The Development of Political Thought in Canada: An Anthology
Contemporary Canadian political thought is fresh, provocative, and ubiquitous. But how can we explain the popularity of the present within the context of the past? The premise of this book is that Canada's intellectual heritage is disappearing from the consciousness of its citizens. For contemporary undergraduates there is no one source in print that presents an historical survey of Canadian political thought. Indeed, many undergraduates are never introduced to even the most iconic figures in political thought in this country, such as C.B. Macpherson, Kari Levitt, or George Grant. And for the wider audience of reflective and thoughtful Canadians outside of the universities, there is little guidance in understanding how the abstract political debates surrounding such issues as health care, foreign policy, or asymmetrical federalism evolved. Few are cynical enough to believe that all major political decisions are based solely on an expression of political opportunism. But what confluence of political ideas permitted the implementation of real political achievements?
This book presents selections of Canadian political thought from the nineteenth century to the present to show how ideas evolved over time to influence the values and debates of modern Canadians. The readings are generally arranged chronologically, but the three currents of thought that inform the selections are Canada's relation to the United States, English Canada's relationship with French Canada, and the nature of a "Canadian" social justice.
- World Rights
- Page Count: 324 pages
- Dimensions: 6.2in x 1.1in x 9.1in
Canada has a rich family of traditions of original political thought that have had an enormous influence on Canadian life and the wider world. Yet, there are very few anthologies, and thus it is difficult to teach undergraduate and graduate courses in this area or for the general public to learn about these traditions. The Development of Political Thought in Canada, edited by Katherine Fierlbeck, herself a well-known political theorist, is an excellent anthology and introduction to this family of traditions from Lord Durham and Henri Bourassa, through Macpherson, Douglas and Trudeau, to Will Kymlicka and Michael Ignatieff, and across a broad spectrum of authors and themes in between. I strongly recommend this anthology for undergraduate and graduate courses in Canadian political thought and for citizens who wish to know more about the best of their own traditions.
James Tully, Distinguished Professor and Trudeau Fellow, University of Victoria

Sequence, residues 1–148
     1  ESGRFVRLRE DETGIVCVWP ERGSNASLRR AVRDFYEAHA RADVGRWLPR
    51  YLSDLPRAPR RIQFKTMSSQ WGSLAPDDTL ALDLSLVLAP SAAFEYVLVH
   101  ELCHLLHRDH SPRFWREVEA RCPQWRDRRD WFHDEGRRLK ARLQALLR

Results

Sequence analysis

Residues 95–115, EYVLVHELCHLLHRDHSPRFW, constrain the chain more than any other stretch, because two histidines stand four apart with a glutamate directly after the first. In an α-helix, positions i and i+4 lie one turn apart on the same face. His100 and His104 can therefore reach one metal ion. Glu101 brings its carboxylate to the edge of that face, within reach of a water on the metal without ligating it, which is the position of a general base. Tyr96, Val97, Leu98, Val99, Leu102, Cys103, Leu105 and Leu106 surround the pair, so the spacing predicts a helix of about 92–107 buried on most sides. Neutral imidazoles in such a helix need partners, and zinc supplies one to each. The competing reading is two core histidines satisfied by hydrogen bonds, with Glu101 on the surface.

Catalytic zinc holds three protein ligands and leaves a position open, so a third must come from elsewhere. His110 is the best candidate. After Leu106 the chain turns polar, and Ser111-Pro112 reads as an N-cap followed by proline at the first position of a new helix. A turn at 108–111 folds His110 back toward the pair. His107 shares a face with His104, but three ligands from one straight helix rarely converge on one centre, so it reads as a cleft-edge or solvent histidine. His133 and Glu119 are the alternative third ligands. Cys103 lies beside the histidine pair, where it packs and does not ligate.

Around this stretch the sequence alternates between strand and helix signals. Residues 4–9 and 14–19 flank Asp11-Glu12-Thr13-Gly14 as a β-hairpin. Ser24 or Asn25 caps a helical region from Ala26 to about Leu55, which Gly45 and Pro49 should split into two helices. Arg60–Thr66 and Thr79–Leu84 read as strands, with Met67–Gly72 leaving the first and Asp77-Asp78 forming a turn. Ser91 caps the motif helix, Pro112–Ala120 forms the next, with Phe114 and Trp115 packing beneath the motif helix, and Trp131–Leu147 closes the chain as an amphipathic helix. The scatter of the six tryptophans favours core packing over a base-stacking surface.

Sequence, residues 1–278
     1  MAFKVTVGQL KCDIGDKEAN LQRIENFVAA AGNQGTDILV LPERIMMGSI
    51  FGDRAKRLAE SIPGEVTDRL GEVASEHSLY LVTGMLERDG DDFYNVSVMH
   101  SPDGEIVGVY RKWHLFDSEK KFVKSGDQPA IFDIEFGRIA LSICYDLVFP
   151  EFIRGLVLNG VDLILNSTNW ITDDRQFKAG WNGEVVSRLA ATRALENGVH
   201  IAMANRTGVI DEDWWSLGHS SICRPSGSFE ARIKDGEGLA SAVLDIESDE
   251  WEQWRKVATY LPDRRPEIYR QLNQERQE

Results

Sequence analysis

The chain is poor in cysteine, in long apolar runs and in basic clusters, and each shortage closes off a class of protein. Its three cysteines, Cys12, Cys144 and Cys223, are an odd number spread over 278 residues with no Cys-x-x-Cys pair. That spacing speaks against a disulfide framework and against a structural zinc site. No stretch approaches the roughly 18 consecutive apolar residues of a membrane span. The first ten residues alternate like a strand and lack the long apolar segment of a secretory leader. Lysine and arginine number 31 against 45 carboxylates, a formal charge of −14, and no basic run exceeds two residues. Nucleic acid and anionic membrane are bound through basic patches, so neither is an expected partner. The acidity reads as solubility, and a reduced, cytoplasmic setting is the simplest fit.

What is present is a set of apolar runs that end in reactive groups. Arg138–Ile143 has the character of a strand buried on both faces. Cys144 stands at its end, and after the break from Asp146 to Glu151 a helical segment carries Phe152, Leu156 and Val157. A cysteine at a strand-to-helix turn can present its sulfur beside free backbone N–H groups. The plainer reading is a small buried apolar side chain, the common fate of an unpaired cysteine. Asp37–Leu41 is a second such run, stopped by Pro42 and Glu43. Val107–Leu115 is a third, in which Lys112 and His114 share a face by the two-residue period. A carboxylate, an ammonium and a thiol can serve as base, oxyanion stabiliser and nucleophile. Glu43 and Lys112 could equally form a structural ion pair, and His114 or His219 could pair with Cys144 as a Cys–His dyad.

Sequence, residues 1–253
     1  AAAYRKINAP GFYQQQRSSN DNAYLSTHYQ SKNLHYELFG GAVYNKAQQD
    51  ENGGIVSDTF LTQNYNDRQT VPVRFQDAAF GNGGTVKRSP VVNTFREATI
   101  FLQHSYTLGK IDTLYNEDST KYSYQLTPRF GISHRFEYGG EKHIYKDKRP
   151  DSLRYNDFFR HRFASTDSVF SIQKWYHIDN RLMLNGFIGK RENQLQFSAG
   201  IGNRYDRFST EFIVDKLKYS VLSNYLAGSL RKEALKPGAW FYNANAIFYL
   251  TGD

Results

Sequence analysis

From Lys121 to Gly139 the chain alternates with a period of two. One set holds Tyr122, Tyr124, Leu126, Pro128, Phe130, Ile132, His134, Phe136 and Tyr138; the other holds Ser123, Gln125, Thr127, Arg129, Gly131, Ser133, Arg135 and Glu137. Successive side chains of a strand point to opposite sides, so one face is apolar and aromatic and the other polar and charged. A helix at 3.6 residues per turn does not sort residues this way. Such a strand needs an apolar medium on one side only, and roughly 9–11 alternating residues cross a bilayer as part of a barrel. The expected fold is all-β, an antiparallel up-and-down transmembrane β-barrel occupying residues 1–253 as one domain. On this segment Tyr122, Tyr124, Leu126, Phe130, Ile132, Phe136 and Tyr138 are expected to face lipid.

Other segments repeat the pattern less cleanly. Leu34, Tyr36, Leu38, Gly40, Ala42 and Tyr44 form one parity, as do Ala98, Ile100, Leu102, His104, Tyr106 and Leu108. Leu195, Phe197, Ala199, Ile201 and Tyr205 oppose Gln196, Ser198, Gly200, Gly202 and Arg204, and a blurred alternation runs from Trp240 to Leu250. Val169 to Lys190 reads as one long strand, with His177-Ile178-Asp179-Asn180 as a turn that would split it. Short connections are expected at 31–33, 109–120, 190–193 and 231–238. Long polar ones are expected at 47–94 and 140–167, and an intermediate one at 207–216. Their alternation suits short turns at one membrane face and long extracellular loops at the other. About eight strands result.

Katherine Fierlbeck has made a very intelligent selection of items and has contextualized them helpfully by way of both the 'big picture' that she provides and the commentaries that introduce sections and chapters. Moreover, the book is introduced with a flair that should really help to engage students who need to understand why history is important.
Richard Vernon, University of Western Ontario
There has been a dearth of recent textbooks dealing with Canadian political thought. Katherine Fierlbeck's anthology will significantly help to close the gap.
Philip Resnick, University of British Columbia
Author InformationKatherine Fierlbeck is the McCulloch Professor of Political Science at Dalhousie University, with a cross-appointment as professor of Community Health and Epidemiology.
Table of contents
Part 1: The First Wave (pre-World War II)
1. Lord Durham, Report on the Affairs of British North America (1839)
2. Henri Bourassa, The Spectre of Annexation (1912)
3. Nellie McClung, Hardy Perennials (1915)
4. J.M. Woodsworth, Organizing Democracy in Canada (1918)
5. Harold Innis, Transportation as a Factor in Canadian Economic History (1933)
Part 2: The Second Wave (1950s-1970s)
A. Social Justice
6. C.B. Macpherson, Democracy in Alberta: Social Credit and the Party System (1953)
7. Lester B. Pearson, Where Do We Go from Here? (1957)
8. Tommy Douglas, Medicare: The Time to Take a Stand (1961)
9. Kari Levitt, Silent Surrender: The Multinational Corporation in Canada (1970)
10. George Woodcock, Reflections on Decentralization (1972)
B. Nation and Identity
11. Pierre Elliott Trudeau, Federalism, Nationalism, and Reason (1964)
12. George Grant, English-Speaking Justice (1965)
13. Gad Horowitz, Conservatism, Liberalism, and Socialism in Canada: An Interpretation (1966)
14. René Lévesque, An Option for Quebec (1968)
Part 3: The Third Wave (1980s to the present)
15. Charles Taylor, The Malaise of Modernity (1991)
16. James Tully, Strange Multiplicity (1995)
17. Will Kymlicka, The Good, The Bad, and the Intolerable: Minority Group Rights (1996)
18. Michael Ignatieff, The Rights Revolution (2000)
Subjects and Courses